Employee participation is one of the effective factors for developing strong bonding and trust in the workplace. The employees are encourages to participate in the organisational activities and be empowered in the decision making practice. It creates values for them as well as motivates them to perform better (Garcia-Arroyo and Osca, 2019). The corporate leaders try to empower the staff and identify their perception, so that they can share their feedback and strategic opinion in the workplace. This further contributes successfully in making good corporate decision after reviewing the feedback of the staff. Hence, employee participation is fruitful for the organisational leader to engage the staff in the internal decision making practices and create values for the employees (Ogbonnaya and Messersmith, 2019). On the other hand, employee voice is mandatory in the workplace for retaining them in long run. The employees are also encouraged to show their creativity in working innovatively. The leaders also focus on employee voice, where the staff members can provide authentic feedback and share innovative ideas with the leaders before organisational decision making behaviour. In this regard, transparency and accountability are managed well by the management team as well as the managers also try to provide equal scope to each member to share their opinion and engage them in the decision making behaviour of the firm (Zeebaree, Shukur and Hussan, 2019). This further enhances the internal communication and cooperation in the workplace, where partnership working practice can be developed. The organisational leader also becomes successful to manage the staff and resolve the internal conflicts among the employees (Zeebaree, Shukur and Hussan, 2019). This is also beneficial for managing organisational chance and develops innovative decision to run the business successfully (Soltis, Brass and Lepak, 2018). Hence, the employee voice and participation are beneficial for creating good bonding and developing trust among the staff where the leader become efficient to develop strong corporate relationship and bonding with all the employees in the workplace and lead them towards achieving the future business objectives.

Conclusion

The study concludes that human resource management is crucial for running the organisational activities sustainably in the market and expand the business internationally for securing future growth. The organisational leader and management team focus on develop strong relationship building activities through enhancing communication and cooperation with the employees, where the staff members are motivated continuously to perform better for fulfilling their responsibility in the workplace. Moreover, the organisational leaders and managers try to provide performance related pay and other monetary incentives to fulfil the requirement of the employees. On the other hand, the non-monetary incentives for the staff such as work life balance, harmony and freedom to work at the workplace, getting suitable corporate culture, leadership support and guidance as well as encouraging employees creativity by suitable empowerment of the staff in the workplace are the major initiatives taken by the corporate leaders to create values for the employees and retain the experienced staff for running the business activities strategically. Human resource management is hereby crucial for fulfilling the organisational aim and objective and expand the business activities across the international countries, so that the companies can achieve sustainable growth and gain competitive advantage.

Reference List

Barrière, O., 2017. Human relationship to the land from a legal perspective as a human and environmental security challenge. In Environmental Change and Human Security in Africa and the Middle East (pp. 259-304). Springer, Cham.

Delery, J.E. and Roumpi, D., 2017. Strategic human resource management, human capital and competitive advantage: is the field going in circles?. Human Resource Management Journal, 27(1), pp.1-21.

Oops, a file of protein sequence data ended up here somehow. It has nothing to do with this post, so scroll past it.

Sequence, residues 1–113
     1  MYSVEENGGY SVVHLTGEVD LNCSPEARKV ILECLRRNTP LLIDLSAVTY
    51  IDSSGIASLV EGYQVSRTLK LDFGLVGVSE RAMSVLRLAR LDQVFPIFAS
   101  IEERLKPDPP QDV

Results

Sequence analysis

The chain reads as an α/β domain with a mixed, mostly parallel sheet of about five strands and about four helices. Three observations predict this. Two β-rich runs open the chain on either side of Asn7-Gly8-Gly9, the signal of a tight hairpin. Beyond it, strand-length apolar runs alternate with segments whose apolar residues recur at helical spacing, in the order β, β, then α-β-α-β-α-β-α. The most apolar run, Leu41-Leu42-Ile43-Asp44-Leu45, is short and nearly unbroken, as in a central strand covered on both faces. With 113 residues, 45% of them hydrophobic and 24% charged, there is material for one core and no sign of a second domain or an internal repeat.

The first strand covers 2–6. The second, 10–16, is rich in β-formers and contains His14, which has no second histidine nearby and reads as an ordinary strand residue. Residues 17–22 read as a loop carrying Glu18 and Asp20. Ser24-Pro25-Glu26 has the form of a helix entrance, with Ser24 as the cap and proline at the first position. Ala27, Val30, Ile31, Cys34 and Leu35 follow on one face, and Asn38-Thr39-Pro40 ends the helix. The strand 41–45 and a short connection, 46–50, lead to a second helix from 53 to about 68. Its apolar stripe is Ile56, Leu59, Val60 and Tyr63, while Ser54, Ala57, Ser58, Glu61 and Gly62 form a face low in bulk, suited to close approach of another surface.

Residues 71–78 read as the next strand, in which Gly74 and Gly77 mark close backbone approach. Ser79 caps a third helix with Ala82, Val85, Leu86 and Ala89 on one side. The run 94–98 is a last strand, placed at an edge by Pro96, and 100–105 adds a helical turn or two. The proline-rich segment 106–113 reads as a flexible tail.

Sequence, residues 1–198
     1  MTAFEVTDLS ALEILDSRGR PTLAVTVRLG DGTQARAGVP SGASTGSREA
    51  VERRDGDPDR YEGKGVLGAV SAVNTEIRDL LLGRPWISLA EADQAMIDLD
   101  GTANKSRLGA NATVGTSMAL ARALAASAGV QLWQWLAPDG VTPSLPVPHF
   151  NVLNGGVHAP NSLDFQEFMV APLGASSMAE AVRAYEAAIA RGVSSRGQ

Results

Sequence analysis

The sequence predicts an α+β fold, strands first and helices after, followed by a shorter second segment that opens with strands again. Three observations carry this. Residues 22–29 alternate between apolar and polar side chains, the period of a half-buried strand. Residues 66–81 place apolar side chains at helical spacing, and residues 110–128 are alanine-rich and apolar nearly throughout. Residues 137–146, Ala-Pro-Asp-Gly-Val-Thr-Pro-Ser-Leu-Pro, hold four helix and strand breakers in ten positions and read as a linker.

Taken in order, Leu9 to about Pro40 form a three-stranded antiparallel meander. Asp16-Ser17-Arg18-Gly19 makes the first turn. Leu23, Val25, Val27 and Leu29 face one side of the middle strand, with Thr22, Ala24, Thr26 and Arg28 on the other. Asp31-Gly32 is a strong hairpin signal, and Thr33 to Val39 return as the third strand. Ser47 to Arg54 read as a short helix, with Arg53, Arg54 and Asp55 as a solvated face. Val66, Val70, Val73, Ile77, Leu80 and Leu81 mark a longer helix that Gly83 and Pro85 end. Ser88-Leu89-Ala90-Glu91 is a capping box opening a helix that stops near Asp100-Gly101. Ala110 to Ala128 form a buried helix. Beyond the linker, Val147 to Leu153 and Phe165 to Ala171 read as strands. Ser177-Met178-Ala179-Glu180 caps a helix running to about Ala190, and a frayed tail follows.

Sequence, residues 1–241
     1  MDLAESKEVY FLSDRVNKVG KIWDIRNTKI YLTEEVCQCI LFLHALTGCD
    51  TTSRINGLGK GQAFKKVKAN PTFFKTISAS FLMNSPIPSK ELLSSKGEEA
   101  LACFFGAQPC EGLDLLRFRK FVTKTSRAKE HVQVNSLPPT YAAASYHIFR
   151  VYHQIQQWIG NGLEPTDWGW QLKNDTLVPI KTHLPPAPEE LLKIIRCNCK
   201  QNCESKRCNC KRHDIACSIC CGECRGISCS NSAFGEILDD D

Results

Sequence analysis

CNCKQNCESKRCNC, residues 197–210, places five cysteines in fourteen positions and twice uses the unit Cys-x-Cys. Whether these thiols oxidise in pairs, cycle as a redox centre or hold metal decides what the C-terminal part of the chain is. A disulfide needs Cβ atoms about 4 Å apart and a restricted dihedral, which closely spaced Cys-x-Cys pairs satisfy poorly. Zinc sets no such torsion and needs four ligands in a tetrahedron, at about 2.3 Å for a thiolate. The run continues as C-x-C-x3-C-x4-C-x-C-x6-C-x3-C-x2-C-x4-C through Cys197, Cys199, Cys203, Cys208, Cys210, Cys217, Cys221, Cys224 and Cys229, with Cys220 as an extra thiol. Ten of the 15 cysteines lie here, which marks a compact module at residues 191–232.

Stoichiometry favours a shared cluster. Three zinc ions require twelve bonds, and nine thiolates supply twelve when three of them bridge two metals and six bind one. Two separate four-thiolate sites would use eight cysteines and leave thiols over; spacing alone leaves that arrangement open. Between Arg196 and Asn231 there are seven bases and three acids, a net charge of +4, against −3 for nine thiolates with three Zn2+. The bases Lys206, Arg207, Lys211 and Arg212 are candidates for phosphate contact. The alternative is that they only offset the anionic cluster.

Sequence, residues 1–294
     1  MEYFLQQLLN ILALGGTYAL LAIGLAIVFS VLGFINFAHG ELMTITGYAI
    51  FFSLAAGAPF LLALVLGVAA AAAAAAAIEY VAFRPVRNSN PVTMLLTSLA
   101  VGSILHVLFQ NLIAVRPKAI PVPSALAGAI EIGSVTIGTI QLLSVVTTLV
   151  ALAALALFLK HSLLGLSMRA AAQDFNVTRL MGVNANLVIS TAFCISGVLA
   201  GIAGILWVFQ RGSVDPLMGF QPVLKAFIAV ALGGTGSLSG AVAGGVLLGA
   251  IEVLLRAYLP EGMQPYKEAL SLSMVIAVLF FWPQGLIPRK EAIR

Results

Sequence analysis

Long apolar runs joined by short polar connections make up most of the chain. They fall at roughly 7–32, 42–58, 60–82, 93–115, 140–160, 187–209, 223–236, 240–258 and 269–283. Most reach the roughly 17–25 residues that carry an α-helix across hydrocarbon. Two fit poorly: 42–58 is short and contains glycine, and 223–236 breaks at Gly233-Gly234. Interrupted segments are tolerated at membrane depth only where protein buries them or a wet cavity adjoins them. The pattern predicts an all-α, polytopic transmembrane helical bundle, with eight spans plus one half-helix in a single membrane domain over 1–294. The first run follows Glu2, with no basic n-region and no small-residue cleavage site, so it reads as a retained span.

Garcia-Arroyo, J. and Osca, A., 2019. Big data contributions to human resource management: a systematic review. The International Journal of Human Resource Management, pp.1-26.

Guest, D.E., 2017. Human resource management and employee well‐being: Towards a new analytic framework. Human resource management journal, 27(1), pp.22-38.

Kianto, A., Sáenz, J. and Aramburu, N., 2017. Knowledge-based human resource management practices, intellectual capital and innovation. Journal of Business Research, 81, pp.11-20.

Kim, Y.J., Kim, W.G., Choi, H.M. and Phetvaroon, K., 2019. The effect of green human resource management on hotel employees’ eco-friendly behavior and environmental performance. International Journal of Hospitality Management, 76, pp.83-93.

Markoulli, M.P., Lee, C.I., Byington, E. and Felps, W.A., 2017. Mapping Human Resource Management: Reviewing the field and charting future directions. Human Resource Management Review, 27(3), pp.367-396.

Ogbonnaya, C. and Messersmith, J., 2019. Employee performance, well‐being, and differential effects of human resource management subdimensions: Mutual gains or conflicting outcomes?. Human Resource Management Journal, 29(3), pp.509-526.

Pak, K., Kooij, D.T., De Lange, A.H. and Van Veldhoven, M.J., 2019. Human Resource Management and the ability, motivation and opportunity to continue working: A review of quantitative studies. Human Resource Management Review, 29(3), pp.336-352.

Papa, A., Dezi, L., Gregori, G.L., Mueller, J. and Miglietta, N., 2018. Improving innovation performance through knowledge acquisition: the moderating role of employee retention and human resource management practices. Journal of Knowledge Management.

Soltis, S.M., Brass, D.J. and Lepak, D.P., 2018. Social resource management: Integrating social network theory and human resource management. Academy of Management Annals, 12(2), pp.537-573.

Stewart, G.L. and Brown, K.G., 2019. Human resource management. New York: John Wiley & Sons.

Tang, G., Chen, Y., Jiang, Y., Paille, P. and Jia, J., 2018. Green human resource management practices: scale development and validity. Asia Pacific Journal of Human Resources, 56(1), pp.31-55.

Troth, A.C. and Guest, D.E., 2020. The case for psychology in human resource management research. Human Resource Management Journal, 30(1), pp.34-48.

Yong, J.Y., Yusliza, M.Y., Ramayah, T., Chiappetta Jabbour, C.J., Sehnem, S. and Mani, V., 2020. Pathways towards sustainability in manufacturing organisations: Empirical evidence on the role of green human resource management. Business Strategy and the Environment, 29(1), pp.212-228.

Zeebaree, S.R., Shukur, H.M. and Hussan, B.K., 2019. Human resource management systems for enterprise organisations: A review. Periodicals of Engineering and Natural Sciences (PEN), 7(2), pp.660-669.


Sitejabber
Google Review
Yell

What Makes Us Unique

  • 24/7 Customer Support
  • 100% Customer Satisfaction
  • No Privacy Violation
  • Quick Services
  • Subject Experts

Research Proposal Samples

It is observed that students take pressure to complete their assignments, so in that case, they seek help from Assignment Help, who provides the best and highest-quality Dissertation Help along with the Thesis Help. All the Assignment Help Samples available are accessible to the students quickly and at a minimal cost. You can place your order and experience amazing services.


DISCLAIMER : The assignment help samples available on website are for review and are representative of the exceptional work provided by our assignment writers. These samples are intended to highlight and demonstrate the high level of proficiency and expertise exhibited by our assignment writers in crafting quality assignments. Feel free to use our assignment samples as a guiding resource to enhance your learning.

Live Chat with Humans
Dissertation Help Writing Service
Whatsapp